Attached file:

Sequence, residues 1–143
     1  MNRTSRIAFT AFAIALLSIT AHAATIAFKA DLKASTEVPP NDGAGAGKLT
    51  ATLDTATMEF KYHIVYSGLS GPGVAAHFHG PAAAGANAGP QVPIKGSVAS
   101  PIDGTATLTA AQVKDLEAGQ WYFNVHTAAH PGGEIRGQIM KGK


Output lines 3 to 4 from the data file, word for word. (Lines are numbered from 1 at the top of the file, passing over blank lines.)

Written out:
    51  ATLDTATMEF KYHIVYSGLS GPGVAAHFHG PAAAGANAGP QVPIKGSVAS
   101  PIDGTATLTA AQVKDLEAGQ WYFNVHTAAH PGGEIRGQIM KGK